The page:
Home Secretary Amber Rudd yesterday announced that all potential modern slavery cases would now be decided by a single unit within the Home Office, completely contradicting the findings of its own 2014 review of the decision-making process.
Commenting on the changes, Focus on Labour Exploitation (FLEX) Director, Claire Falconer said:
“For years the Home Office has been widely criticised for its poor handling of modern slavery cases. The decision to not only continue but to increase the Home Office’s control of the modern slavery decision-making process is nonsensical, contradictory, and will have serious implications for modern slavery victims in the UK.”
Currently, decisions to grant victim status to potential modern slavery victims are made by the National Crime Agency (NCA) and by UK Visas and Immigration within the Home Office, depending on the immigration status of the victim. In a 2014 review of this system (called the National Referral Mechanism) found that: “a majority press for the removal of responsibility for the National Referral Mechanism from the Home Office and the establishment of an independent body outside of UK Visas and Immigration and the Police.” Concerns surrounding Home Office bias and extremely slow decision-making led to a recommendation to pilot a new system that removed the sole decision-making roles of the NCA and Home Office, and trialled the use of multi-disciplinary expert panels to make decisions.
However, in making the announcement yesterday, the Home Secretary has ignored the findings of the review and rejected the recommended multidisciplinary approach. Instead, multidisciplinary panels will only have a role in reviewing negative decisions.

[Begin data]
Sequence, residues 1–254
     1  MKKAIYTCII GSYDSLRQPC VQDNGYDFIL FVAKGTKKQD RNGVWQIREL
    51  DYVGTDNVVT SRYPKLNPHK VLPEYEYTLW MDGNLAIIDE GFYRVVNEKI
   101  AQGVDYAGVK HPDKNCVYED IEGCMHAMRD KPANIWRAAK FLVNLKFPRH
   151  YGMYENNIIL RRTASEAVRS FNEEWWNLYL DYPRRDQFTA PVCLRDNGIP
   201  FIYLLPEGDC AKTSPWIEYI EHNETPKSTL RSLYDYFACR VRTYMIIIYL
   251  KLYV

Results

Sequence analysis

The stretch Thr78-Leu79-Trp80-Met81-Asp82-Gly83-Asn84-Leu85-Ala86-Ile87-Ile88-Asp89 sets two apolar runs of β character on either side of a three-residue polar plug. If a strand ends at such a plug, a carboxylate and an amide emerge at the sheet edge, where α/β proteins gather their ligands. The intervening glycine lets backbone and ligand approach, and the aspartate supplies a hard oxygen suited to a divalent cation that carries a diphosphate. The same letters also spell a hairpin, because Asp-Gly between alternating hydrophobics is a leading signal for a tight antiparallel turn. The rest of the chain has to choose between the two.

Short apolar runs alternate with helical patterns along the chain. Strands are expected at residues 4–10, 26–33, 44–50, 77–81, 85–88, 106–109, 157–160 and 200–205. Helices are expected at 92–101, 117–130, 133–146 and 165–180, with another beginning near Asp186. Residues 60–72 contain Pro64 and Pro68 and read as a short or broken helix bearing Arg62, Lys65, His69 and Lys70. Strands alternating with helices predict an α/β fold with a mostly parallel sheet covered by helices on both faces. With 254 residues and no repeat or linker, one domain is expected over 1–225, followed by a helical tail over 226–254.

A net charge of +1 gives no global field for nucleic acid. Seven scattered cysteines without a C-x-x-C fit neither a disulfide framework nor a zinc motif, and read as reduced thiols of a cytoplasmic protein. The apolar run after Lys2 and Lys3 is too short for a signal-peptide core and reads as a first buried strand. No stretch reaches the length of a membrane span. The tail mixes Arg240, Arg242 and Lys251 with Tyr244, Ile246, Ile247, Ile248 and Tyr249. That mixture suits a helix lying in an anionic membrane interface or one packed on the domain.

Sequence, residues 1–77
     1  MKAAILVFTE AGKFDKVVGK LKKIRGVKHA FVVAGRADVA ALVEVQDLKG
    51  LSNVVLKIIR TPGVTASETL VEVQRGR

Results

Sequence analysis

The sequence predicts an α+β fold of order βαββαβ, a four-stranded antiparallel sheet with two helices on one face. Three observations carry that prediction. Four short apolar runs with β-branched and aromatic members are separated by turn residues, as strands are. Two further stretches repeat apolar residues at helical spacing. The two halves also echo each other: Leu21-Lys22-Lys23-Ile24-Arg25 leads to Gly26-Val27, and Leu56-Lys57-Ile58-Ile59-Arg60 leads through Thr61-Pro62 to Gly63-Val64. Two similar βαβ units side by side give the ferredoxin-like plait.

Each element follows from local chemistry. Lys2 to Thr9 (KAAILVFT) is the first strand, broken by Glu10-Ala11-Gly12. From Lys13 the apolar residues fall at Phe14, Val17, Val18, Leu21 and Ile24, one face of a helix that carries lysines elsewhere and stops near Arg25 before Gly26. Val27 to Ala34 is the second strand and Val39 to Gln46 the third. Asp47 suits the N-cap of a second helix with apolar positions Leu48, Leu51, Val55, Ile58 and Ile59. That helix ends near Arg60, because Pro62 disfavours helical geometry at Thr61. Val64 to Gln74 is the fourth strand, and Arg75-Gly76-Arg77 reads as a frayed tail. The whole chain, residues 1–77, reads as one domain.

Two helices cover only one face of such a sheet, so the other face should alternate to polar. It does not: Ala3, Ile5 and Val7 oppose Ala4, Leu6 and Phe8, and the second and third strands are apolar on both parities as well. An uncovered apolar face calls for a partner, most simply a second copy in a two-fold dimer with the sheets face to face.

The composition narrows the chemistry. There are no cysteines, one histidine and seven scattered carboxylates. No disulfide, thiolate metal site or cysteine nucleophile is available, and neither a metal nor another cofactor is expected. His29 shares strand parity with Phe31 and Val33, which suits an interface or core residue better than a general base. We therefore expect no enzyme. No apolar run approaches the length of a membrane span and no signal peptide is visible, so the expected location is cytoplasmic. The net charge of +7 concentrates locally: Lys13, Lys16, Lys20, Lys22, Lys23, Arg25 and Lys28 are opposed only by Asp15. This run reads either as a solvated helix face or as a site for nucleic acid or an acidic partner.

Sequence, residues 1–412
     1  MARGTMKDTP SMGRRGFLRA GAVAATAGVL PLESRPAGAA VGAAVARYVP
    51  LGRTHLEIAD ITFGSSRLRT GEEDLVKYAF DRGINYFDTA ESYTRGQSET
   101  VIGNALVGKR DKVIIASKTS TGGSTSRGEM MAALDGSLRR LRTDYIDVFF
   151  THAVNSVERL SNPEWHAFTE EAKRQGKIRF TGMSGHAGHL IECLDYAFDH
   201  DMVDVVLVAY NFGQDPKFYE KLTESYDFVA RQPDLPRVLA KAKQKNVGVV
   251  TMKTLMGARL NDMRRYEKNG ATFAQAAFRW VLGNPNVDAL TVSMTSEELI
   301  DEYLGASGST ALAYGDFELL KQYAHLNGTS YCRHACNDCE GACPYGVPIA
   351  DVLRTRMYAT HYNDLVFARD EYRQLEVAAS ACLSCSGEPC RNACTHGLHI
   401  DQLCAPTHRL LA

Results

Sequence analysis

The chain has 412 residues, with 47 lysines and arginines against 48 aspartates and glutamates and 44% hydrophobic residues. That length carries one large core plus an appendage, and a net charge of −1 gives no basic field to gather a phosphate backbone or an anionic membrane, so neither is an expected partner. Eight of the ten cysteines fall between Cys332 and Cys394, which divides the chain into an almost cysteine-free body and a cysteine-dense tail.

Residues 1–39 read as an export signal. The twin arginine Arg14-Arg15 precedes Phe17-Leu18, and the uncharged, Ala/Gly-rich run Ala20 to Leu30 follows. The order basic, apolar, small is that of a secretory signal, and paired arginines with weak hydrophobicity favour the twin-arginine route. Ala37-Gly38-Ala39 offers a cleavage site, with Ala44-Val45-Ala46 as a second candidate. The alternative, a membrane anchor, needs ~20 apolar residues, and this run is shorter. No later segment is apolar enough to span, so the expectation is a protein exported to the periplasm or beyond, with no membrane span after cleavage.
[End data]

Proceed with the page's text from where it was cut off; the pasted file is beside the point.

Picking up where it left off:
Ms Falconer said:
“The Home Office is desperate to retain absolute control over decisions about who is or is not a victim of modern slavery, despite their demonstrated inability to do this in a fair and timely manner”
“The refusal of the Home Office to relinquish full control over the identification of victims will mean that legitimate victims will continue to be subjected to long waits, to attacks on their credibility, and to biased decision-making”
Just as disappointing in yesterday’s announcement is the absence of any measures to improve the quality of victim support in the UK. Again, the 2014 review made recommendations for improving the quality and appropriateness of support for victims, and in particular recommended the provision of longer-term support.
“In her announcement yesterday the Home Secretary is continuing to ignore the severe shortcomings of the UK’s support system for victims of modern slavery. This is particularly disappointing coming one day before Anti-Slavery Day. Until the support options available to victims are improved, victims will continue to suffer and will remain at risk of exploitation”
Notes to editors:
The Home Office announcement from 17 October 2017 is available here: https://www.gov.uk/government/news/modern-slavery-taskforce-agrees-new-measures-to-support-victims
The 2014 Review of the National Referral Mechanism for victims of human trafficking is available here: https://www.gov.uk/government/news/modern-slavery-taskforce-agrees-new-measures-to-support-victims